Much easier than having to deal with over carbed kegs, and I don't have to wait a week or two for them to carbonate either.

It should also be noted that regardless of the pressure you use, if you are carbonating the beer via a CO2 cylinder then you are force carbonating. It's just the lower the pressure, the longer it takes. ;)
 

Danscraftbeer

Well-Known Member
Joined
1/4/15
Messages
2,670
Reaction score
1,002
Location
Victoria
Yep, and without backtracking the thread I will stress that over carbonation, then trying to decarbonise to correct it has now been tainted with co2 and is an off flavour.
Just like tasting decarbonated soda water still tastes like soda water without the bubbles. The carbon flavour stays even when the fizz has gone. Then if you carbed it up more then you get a double carbon flavour? I'm not sure how it goes but.
Basically IMO over carbonating is a fault in flavour that cant be undone. Avoid it. Don't be hasty.

Maybe that's why I remember Beer enthusiasts beyond my level will be more accepting to lower carbonation over higher carbonation.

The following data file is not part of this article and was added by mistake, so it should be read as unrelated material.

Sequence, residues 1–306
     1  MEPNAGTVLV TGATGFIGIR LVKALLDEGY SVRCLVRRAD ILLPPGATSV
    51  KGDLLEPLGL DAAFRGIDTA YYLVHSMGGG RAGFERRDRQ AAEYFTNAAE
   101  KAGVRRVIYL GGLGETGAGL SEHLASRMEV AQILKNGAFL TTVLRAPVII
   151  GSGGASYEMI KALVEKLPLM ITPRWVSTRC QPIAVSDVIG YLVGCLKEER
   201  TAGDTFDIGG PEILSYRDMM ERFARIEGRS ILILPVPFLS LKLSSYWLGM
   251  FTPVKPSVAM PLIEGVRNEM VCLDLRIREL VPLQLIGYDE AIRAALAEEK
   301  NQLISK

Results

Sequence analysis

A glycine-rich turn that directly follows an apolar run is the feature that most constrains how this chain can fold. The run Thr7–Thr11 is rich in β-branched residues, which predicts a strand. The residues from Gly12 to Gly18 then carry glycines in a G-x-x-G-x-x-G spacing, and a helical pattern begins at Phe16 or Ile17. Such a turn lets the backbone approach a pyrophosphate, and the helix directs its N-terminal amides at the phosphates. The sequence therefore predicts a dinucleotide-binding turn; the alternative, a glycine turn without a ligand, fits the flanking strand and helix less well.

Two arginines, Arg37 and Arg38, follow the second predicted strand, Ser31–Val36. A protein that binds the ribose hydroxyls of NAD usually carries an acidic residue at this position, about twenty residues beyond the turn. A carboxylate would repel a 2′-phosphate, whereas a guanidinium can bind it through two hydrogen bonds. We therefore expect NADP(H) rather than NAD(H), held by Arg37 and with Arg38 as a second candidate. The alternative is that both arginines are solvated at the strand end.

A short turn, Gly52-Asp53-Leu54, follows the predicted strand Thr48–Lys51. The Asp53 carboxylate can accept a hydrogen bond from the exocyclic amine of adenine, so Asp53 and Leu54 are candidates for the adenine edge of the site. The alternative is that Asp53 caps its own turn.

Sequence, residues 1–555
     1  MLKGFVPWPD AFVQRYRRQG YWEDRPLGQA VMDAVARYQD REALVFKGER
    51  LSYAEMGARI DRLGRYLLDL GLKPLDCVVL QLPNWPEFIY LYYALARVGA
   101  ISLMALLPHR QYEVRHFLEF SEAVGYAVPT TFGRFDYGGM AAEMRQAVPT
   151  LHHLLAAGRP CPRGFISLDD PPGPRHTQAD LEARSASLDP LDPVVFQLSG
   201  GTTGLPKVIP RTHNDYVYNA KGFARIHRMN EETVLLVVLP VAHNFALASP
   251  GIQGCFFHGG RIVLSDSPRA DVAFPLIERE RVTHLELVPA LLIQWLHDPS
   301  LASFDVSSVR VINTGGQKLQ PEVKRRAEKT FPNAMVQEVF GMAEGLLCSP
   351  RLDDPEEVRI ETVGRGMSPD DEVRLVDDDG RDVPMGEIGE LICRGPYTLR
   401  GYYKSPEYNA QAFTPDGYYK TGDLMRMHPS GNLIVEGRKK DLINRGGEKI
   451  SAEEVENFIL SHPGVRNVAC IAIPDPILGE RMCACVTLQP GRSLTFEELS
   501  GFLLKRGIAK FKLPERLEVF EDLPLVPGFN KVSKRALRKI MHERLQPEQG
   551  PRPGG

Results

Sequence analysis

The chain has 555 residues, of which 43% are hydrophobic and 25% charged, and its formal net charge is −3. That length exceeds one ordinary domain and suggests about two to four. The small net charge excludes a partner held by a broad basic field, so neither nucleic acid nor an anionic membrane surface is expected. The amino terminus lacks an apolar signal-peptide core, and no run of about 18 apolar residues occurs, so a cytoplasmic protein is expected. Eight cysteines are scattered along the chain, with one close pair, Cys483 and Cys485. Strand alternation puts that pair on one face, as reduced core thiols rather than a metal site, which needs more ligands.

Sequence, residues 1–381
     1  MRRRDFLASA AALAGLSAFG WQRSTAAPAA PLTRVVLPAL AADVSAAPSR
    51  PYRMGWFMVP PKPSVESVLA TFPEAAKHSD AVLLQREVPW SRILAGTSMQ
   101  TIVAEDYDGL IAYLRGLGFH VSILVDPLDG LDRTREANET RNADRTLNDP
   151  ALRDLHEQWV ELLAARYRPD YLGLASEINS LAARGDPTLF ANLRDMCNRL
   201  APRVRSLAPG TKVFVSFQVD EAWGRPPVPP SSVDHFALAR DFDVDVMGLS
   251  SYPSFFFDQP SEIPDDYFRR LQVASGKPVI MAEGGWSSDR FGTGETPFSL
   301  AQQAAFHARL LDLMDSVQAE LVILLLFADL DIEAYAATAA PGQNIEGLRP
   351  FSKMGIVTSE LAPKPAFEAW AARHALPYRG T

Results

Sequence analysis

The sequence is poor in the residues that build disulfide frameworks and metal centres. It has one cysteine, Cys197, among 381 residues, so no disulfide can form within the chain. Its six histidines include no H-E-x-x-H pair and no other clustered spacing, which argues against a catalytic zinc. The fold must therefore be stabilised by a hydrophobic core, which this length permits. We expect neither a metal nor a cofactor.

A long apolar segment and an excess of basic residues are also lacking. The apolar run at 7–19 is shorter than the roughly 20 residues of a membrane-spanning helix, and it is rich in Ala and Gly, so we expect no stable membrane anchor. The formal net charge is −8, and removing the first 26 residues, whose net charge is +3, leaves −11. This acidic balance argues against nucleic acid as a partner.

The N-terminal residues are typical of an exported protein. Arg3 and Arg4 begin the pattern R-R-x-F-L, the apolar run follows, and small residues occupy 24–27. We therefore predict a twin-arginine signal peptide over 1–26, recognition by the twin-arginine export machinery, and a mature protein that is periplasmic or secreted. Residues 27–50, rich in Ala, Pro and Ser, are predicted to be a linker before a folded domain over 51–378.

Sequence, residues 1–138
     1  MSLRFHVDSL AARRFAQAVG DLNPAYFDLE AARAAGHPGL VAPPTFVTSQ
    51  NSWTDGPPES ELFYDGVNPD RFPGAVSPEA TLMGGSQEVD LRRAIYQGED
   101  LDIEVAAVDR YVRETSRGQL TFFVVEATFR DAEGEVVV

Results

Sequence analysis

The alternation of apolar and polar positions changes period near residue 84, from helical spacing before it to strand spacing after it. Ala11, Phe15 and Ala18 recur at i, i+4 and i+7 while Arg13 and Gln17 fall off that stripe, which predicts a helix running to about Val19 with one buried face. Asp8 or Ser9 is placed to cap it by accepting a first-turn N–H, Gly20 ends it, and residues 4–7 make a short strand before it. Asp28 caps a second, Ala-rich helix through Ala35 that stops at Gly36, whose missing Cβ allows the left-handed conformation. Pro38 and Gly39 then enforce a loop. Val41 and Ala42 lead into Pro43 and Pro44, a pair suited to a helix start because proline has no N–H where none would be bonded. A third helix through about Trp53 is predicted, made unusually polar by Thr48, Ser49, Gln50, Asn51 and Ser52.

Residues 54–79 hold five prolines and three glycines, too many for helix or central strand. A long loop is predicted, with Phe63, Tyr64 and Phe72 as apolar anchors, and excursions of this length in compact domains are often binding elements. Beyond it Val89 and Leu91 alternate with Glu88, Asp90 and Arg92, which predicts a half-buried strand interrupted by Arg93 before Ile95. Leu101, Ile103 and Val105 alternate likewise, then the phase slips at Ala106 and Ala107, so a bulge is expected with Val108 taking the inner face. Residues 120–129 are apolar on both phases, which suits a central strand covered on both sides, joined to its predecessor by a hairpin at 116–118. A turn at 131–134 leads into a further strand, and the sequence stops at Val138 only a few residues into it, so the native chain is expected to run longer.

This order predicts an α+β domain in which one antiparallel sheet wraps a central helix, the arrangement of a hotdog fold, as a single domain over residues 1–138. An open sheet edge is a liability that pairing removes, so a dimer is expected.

I think? My understanding is that carbon flavour is in competition to all the yummier flavours of beer.
 

Rocker1986

Well-Known Member
Joined
28/4/12
Messages
2,547
Reaction score
1,070
Location
Brisbane, QLD
Commercially made soda water also contains potassium bicarbonate or sulphate so that's probably part of the reason for the flavour of it. I have noticed when I've filled up a keg with normal tap water and carbonated it, that it tastes better than commercial soda water i.e. doesn't have that weird flavour of the commercial stuff.
 

Tahoose

Well-Known Member
Joined
22/9/13
Messages
1,455
Reaction score
498
Best method for me is low and slow. I find that it gives the beer time to condition.

Process in my house is ferment/dry hop normally 2 weeks. Keg, into the keezer and hook up to CO2. Leave for 3 weeks.